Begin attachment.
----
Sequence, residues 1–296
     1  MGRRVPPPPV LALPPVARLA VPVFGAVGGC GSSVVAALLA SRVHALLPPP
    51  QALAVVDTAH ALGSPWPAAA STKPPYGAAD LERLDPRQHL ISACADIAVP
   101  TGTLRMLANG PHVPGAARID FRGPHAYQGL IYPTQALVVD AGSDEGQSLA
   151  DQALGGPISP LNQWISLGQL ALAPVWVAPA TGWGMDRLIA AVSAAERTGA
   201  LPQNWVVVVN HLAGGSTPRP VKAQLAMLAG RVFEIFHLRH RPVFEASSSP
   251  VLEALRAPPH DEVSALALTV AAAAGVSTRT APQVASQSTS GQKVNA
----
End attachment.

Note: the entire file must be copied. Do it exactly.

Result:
Sequence, residues 1–296
     1  MGRRVPPPPV LALPPVARLA VPVFGAVGGC GSSVVAALLA SRVHALLPPP
    51  QALAVVDTAH ALGSPWPAAA STKPPYGAAD LERLDPRQHL ISACADIAVP
   101  TGTLRMLANG PHVPGAARID FRGPHAYQGL IYPTQALVVD AGSDEGQSLA
   151  DQALGGPISP LNQWISLGQL ALAPVWVAPA TGWGMDRLIA AVSAAERTGA
   201  LPQNWVVVVN HLAGGSTPRP VKAQLAMLAG RVFEIFHLRH RPVFEASSSP
   251  VLEALRAPPH DEVSALALTV AAAAGVSTRT APQVASQSTS GQKVNA